4) There are connections to other Strout novels that made me intrigued to read further in her work. In “Exiles,” Bob and Jim Burgess of The Burgess Boys are reunited in Maine, while in the final story, “Friend,” Olive befriends a new fellow nursing home resident, Isabelle Daignault of Amy and Isabelle.
5) Olive delivers a baby!
As with the previous volume, I most liked the stories that stuck close to Olive, and least liked those that are primarily about others in Crosby or Shirley Falls and only mention Olive in passing, such as via a piece of advice she gave to one of her math students several decades ago. Twice Strout goes sexually explicit – a voyeurism situation, and a minor character who is a dominatrix; I felt these touches were unnecessary. Overall, though, these stories are of very high quality. The two best ones, worth seeking out whether you think you want to read the whole book or not, are “The Poet” and “Heart.”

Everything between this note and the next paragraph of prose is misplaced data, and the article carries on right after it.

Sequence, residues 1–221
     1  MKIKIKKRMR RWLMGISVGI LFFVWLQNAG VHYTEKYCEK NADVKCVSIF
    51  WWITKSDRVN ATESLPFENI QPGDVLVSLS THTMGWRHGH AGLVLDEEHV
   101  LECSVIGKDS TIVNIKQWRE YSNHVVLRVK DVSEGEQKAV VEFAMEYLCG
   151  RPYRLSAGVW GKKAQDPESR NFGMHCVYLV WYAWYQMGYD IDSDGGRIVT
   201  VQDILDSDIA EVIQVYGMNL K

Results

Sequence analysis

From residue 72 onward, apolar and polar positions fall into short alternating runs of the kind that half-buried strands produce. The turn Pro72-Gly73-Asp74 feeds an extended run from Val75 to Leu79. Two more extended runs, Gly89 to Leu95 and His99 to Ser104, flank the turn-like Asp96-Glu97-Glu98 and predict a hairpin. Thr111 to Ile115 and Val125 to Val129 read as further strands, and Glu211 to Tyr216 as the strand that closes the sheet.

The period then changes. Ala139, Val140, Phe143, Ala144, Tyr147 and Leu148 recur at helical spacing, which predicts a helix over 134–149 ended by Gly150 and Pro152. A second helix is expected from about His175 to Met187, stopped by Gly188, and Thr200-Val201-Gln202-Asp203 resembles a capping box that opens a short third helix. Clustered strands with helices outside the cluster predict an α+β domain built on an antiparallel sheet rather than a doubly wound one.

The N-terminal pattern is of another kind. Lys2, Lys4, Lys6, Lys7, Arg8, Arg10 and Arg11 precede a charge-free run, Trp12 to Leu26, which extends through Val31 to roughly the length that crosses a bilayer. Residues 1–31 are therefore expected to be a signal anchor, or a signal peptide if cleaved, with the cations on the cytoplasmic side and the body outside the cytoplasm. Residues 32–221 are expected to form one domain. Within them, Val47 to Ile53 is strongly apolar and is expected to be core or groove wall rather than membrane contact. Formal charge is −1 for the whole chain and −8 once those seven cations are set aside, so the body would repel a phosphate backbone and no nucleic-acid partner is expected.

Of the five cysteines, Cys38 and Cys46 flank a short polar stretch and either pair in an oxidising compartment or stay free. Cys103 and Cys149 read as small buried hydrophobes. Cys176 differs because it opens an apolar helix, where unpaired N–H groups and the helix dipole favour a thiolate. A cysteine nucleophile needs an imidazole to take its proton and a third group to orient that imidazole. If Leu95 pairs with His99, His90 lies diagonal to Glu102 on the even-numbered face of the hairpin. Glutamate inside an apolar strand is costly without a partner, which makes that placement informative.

I read an advanced e-copy via NetGalley.
Are you a fan of Elizabeth Strout’s work? Do you plan to read Olive, Again?
Four Recent Review Books: Ernaux, Nunez, Rubin & Scharer
Two nonfiction books: a frank account of an abortion; clutter-busting techniques.
Two novels: amusing intellectual fare featuring a big dog or the Parisian Surrealists.
Happening by Annie Ernaux (2000; English translation, 2019)
[Translated from the French by Tanya Leslie]
“I believe that any experience, whatever its nature, has the inalienable right to be chronicled,” Ernaux writes. In 1963, when she was 23 and living in a student residence in Rouen, she realized she was pregnant. An appointment with a gynecologist set out the facts starkly: “Pregnancy certificate of: Mademoiselle Annie Duchesne. Date of delivery: 8 July, 1964. I saw summer, sunshine. I tore up the certificate.” Abortion was illegal in France at that time. Ernaux tried to take things into her own hands – “plunging a knitting needle into a womb weighed little next to ruining one’s career” – but couldn’t go through with it. Instead she went to the home of a middle-aged nurse she’d heard about…